By William Alden - NY Times
The maker of Steinway & Sons pianos is hoping that a duet with private equity will be a harmonious one.
Steinway Musical Instruments announced on Monday that it had agreed to be acquired by the private equity firm Kohlberg & Company in a deal worth roughly $438 million.
The offer of $35 a share represents a 33 percent premium over Steinway’s average closing price in the 90 trading days that ended June 28. Compared with the average closing price during the 52 weeks that ended June 28, the offer represents a premium of 45 percent, the company said.
Steinway’s stock jumped at the start of trading on Monday, rising more than 15 percent, to just above $35 a share. (The company’s ticker symbol, LVB, is a reference to the initials of Ludwig van Beethoven.)
The deal is the latest twist for the 160-year-old piano maker, whose instruments can be found in concert halls and living rooms around the world. In recent years, the company, which is based in Waltham, Mass., has had to adjust to a weak economy and changing cultural tastes.
In March, the company reached an agreement to sell Steinway Hall, the 88-year-old building across the street from Carnegie Hall in Manhattan where renowned pianists and amateurs alike have tried out pianos.
Kohlberg & Company, a firm co-founded by Jerome Kohlberg (who previously was one of the founders of Kohlberg Kravis Roberts & Company), emphasized that it would aim to preserve Steinway’s storied heritage.
In buying Steinway, the firm plans to “accelerate its global expansion, while ensuring the artisanal manufacturing processes that make the company’s products unique are preserved, celebrated and treasured,” Christopher W. Anderson, a Kohlberg & Company partner, said in a statement.
The company, founded in 1853 in a Manhattan loft by Henry Engelhard Steinway and his three sons, expanded rapidly to become the world’s largest piano manufacturer by 1860. It opened a factory in Hamburg, Germany, in 1880, and toasted its success in 1925 with the opening of Steinway Hall on West 57th Street in New York.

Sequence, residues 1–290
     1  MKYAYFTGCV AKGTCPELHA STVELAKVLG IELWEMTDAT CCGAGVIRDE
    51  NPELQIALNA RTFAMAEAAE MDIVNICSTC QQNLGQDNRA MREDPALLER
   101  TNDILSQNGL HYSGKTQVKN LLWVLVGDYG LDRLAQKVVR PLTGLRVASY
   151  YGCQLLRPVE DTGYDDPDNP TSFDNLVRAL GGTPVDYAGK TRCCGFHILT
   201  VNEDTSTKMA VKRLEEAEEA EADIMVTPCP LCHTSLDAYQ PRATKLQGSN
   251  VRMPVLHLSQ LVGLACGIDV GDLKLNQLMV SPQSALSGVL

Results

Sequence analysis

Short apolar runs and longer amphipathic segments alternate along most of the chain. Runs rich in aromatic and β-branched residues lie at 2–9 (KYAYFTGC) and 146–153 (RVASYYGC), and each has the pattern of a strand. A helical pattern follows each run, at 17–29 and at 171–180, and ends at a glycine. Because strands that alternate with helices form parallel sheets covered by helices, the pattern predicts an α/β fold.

The company was acquired by Selmer Industries in 1995 and, under the name Steinway Musical Instruments, went public the following year. In addition to its flagship pianos, the company sells trumpets, saxophones, French horns, drums and other instruments. It has long had a factory in Astoria, Queens; after years of being a tenant there, it bought back the building in 1999.
“Our agreement with Kohlberg represents an exceptional valuation for our shareholders, while also representing an important next step in the growth of Steinway,” Michael Sweeney, chairman and interim chief executive of Steinway, said in a statement. “We are delighted that they recognize the bright future for Steinway as well as value our great heritage.”
The deal provides for a so-called go-shop period of 45 days in which Steinway can invite rival bids. Otherwise, the transaction is expected to close in the third quarter of this year.
Steinway is being advised bey Allen & Company and the law firms Skadden, Arps, Slate, Meagher & Flom and Gibson, Dunn & Crutcher. Kohlberg & Company is being advised by the law firm Ropes & Gray.